Jump to content

Heinkel He-177 A-5 "Greif" French Air Force 1/72 Revel

Recommended Posts

This time I present the He-177 A-5 model captured by the English and French resistance. The aircraft was equipped with French markings during the flight to England.
A little more information from Wingleader Magazine.


"RAF Air Intelligence had been aware that the main location for the repair and servicing
of He177s was at the airfield of Toulouse-Blagnac in the south of France. As soon as
practicable after the invasion of France a plan was put in place to ‘capture’ a He177 and
fly it to Farnborough. Troops parachuted into the Toulouse area on 17th August 1944, as
the region came under the control of the French Resistance. With the help of the Special
Operations Executive one was secured from the French engineers working for Ateliers
Industriel de l’Air, who had been sub-contracted by Heinkel to maintain KG40’s He177s
based at Bordeaux Mérignac.
At this time it carried the fuselage code F8+AP of 6/KG40 and had the number 60 painted
on its fin in yellow. Its radio call-sign was KM+UK.
To get the He177 to the UK, Group Captain Hards - Commanding Officer of Farnborough,
flew a Hudson carrying RAE Chief Test Pilot Wing Commander R J ‘Roly’ Falk, who would fly
it back assisted by Squadron Leader Pearce. On 2nd September the Hudson with a fighter
escort provided by two Beaufighters set off, but both fighter pilots lost their bearings and
came down in France. The Hudson, however, made it to Blagnac and eight days later, on
10th September 1944, Falk and Pearce flew to Farnborough in just 2 hours and 45 minutes.
By this time the Luftwaffe markings had been over-painted with French Armée de l’Air
markings and the words ‘Prise de Guerre’ (Prize of War) had been painted in small letters on
the rear fuselage.
Upon arrival at RAE Farnborough the French markings were over-painted with full RAF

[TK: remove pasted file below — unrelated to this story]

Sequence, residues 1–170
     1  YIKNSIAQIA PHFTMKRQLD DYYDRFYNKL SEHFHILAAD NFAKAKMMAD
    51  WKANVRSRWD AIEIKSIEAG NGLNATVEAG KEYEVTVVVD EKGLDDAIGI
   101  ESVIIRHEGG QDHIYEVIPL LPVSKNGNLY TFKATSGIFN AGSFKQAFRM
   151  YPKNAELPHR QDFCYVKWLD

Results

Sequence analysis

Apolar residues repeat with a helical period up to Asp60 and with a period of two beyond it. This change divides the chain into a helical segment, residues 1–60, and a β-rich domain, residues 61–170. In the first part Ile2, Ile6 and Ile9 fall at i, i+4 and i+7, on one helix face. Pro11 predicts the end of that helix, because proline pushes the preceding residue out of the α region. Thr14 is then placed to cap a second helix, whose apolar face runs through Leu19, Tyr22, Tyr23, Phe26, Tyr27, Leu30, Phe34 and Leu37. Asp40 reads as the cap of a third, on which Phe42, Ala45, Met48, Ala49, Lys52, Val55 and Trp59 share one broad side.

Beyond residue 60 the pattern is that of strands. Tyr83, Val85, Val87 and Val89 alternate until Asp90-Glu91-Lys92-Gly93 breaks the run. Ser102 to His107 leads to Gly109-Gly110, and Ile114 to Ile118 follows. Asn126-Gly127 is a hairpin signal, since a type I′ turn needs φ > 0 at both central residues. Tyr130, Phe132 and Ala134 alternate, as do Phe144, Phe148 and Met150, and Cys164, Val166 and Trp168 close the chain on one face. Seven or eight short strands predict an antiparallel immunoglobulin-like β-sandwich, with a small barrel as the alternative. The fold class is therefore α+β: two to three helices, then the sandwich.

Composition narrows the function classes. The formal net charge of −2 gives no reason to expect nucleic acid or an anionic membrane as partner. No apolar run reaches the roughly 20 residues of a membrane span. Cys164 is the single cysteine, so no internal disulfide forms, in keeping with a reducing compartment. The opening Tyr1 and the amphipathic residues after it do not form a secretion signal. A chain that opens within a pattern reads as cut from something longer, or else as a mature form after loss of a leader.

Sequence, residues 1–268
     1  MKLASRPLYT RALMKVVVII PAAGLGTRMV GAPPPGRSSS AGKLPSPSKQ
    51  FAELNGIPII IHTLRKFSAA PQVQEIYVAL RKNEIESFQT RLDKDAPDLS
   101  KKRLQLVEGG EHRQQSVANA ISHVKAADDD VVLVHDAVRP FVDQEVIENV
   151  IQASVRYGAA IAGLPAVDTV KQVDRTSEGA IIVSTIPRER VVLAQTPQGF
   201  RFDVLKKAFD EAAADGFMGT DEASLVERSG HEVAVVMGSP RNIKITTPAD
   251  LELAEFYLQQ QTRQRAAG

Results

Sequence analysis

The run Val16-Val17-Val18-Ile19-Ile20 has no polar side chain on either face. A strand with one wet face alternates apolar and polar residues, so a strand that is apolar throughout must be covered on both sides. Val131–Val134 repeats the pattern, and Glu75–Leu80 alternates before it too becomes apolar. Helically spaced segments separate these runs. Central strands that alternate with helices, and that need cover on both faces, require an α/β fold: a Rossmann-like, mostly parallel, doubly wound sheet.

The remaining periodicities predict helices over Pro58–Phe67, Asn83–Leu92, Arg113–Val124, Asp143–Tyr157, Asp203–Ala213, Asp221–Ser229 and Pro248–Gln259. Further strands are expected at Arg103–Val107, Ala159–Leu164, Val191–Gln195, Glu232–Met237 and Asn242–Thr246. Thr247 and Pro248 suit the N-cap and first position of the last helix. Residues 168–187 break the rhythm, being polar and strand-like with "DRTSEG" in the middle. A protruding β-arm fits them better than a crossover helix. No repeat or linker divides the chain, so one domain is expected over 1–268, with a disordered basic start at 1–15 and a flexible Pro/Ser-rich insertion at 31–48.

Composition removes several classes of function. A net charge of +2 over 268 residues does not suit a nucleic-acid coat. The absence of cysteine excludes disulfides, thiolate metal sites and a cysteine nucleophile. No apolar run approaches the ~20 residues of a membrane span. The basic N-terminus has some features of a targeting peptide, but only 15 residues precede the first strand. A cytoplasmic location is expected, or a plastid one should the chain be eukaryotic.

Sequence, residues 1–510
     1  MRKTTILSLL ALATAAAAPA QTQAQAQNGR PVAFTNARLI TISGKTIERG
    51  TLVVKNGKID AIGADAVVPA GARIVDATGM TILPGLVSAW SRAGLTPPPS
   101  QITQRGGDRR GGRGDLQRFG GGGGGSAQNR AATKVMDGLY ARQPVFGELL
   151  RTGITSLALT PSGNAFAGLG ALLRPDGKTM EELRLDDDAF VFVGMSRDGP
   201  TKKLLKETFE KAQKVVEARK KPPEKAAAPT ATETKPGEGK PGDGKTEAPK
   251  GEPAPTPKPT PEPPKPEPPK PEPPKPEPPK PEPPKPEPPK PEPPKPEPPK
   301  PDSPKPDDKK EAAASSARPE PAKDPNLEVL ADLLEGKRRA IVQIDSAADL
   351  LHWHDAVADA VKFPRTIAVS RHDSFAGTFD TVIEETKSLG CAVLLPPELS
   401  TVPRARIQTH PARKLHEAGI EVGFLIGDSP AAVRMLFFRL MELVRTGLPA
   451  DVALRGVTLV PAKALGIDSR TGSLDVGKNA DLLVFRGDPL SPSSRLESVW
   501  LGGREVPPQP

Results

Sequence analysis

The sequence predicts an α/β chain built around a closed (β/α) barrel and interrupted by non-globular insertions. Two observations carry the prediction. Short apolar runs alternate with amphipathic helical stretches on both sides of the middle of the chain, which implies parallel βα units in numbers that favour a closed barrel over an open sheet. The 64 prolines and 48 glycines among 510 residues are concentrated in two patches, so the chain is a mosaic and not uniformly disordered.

markings and the aircraft was given the RAF serial number TS439. It made its first test flight
from Farnborough on 20th September with Squadron Leader A F Martindale at its controls.
Over the next five months it made 18 more test flights, totalling 17 hours 55 minutes flying
time, to assess many design features including the bombsight and heating system. Among
its pilots was Captain Eric ‘Winkle’ Brown who remarked that the cockpit was ‘like an
outsized goldfish bowl’."



































  • Like 72
Link to post
Share on other sites
1 hour ago, Mattlow said:

Very nice finish...


How was the kit to assemble?



The fuselage, wings and other elements are made well and fold rather easily. They have several damages but they can be easily removed.
The crew cabin is nice.
Glass is a nightmare. Glass front fuselage is deformed, almost nothing they can not see, in one place is quite thick and thin at the bottom so that it crumbles when cleaning.
Polishing did little, the transparency improved but the view through it is still deformed.
In addition, the front glass does not fit, it is narrower, to the fuselage.

Edited by rymulus
  • Like 1
Link to post
Share on other sites

A remarkable build and very well constructed too.love the paintjob and weathering.As for the front office glasswork,yes it's simply PITA with cracks all over,but luckily got a replacement from Revell.My utmost admiration for your Greif,wonderful job!

  • Thanks 1
Link to post
Share on other sites

Create an account or sign in to comment

You need to be a member in order to leave a comment

Create an account

Sign up for a new account in our community. It's easy!

Register a new account

Sign in

Already have an account? Sign in here.

Sign In Now
  • Create New...